The Taylor Balance is used to determine the calco-carbonic balance for optimal water quality in swimming pools. If this balance is not found and maintained, it can lead to:
- a very fluctuating pH,
- whitish deposits on the walls,
- cloudy water.
What is the calco-carbonic balance?
The balance of water in a swimming pool is difficult to maintain. To do this, it is necessary to determine the right calco-carbonic balance.
The Taylor Balance is a tool to determine the balance to be achieved between:
- The TAC: Full Alkalimetric Title corresponding to the quantity of carbonates and bicarbonates in the water. It is expressed in °F or ppm (1°F = 10 ppm). It characterizes the buffering capacity of water. The TAC must be between 10 and 30°F,
- The TH: Hydrotimetric Title corresponds to the quantity of calcium and magnesium (limestone) in the water. It is expressed in °F or ppm (1°F = 10 ppm). The TH characterizes the hardness of the water. The TH must be between 10 and 20°F,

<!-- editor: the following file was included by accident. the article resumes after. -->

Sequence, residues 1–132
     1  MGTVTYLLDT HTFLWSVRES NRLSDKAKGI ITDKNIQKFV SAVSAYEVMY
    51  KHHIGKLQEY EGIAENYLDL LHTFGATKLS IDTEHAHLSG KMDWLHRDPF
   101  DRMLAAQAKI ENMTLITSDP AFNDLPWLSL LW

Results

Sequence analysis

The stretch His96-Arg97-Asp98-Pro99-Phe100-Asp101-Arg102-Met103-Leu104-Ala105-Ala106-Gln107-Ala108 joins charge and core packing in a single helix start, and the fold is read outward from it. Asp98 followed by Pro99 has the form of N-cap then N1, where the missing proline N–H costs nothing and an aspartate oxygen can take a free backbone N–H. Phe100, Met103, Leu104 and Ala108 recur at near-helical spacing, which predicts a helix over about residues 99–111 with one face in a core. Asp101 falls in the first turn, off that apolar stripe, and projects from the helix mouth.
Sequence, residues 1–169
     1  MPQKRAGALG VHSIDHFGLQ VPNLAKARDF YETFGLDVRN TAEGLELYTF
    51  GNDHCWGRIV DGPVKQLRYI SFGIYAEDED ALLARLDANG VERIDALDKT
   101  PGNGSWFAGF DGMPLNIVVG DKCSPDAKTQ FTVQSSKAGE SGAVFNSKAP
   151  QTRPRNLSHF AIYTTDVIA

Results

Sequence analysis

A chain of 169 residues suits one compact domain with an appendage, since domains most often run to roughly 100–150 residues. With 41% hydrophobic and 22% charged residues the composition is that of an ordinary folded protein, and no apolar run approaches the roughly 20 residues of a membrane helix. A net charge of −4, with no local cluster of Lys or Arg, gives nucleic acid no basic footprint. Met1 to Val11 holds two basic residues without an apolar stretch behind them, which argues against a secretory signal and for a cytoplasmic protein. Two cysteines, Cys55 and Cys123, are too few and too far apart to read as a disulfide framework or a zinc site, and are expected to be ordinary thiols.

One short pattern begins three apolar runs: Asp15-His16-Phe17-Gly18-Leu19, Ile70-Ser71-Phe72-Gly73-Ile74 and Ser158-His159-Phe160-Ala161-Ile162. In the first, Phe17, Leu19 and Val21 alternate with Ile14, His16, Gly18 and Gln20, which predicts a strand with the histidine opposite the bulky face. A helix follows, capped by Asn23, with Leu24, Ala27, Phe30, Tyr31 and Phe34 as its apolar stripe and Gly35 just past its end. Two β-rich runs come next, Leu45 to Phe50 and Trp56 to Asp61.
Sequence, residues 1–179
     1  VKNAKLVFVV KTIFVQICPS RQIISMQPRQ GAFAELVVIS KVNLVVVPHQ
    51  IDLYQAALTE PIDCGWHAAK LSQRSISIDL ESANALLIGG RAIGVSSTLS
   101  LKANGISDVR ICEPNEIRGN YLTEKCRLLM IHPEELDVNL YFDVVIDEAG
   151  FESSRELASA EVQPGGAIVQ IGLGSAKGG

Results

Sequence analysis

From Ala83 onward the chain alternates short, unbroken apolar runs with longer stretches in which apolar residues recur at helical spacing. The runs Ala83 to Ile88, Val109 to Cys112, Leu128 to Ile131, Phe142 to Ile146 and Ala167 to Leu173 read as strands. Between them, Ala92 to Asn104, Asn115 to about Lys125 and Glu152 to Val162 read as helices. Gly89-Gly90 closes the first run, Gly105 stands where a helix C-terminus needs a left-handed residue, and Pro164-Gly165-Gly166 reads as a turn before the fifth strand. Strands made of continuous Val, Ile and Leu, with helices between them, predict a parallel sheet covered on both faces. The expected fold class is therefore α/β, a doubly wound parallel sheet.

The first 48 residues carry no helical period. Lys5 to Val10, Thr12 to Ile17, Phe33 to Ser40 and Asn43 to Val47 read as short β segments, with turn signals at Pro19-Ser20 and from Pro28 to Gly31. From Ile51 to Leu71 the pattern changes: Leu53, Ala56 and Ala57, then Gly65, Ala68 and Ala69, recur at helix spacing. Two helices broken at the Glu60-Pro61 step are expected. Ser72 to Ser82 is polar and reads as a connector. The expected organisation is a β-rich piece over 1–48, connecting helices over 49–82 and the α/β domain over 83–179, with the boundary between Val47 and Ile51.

- The pH value: The pH is the hydrogen potential of the water. It measures the acidity of the water from 0 to 14.
The ph remains the easiest element to correct. The biggest challenge will be to stay within the efficacy range of the disinfectant used.
How to use the Taylor Balance?
To determine the calco-carbonic balance of water using the Taylor Balance, the method to follow is:
The objective is to comply with regulations with a pH between 6.9 and 7.7 and generally between 7.2 and 7.4.
However, it is sometimes easier to act on other parameters such as TH and TAC.
Indeed, if, for example, the TAC is 15°F and the Th is 9°, this gives an ideal pH according to Taylor’s Balance at 7.8. However, if the pH target is 7.2, it will be necessary to act on the TAC rather than on the pH in order to lower it. This will also avoid using too much acid to achieve the desired pH objective.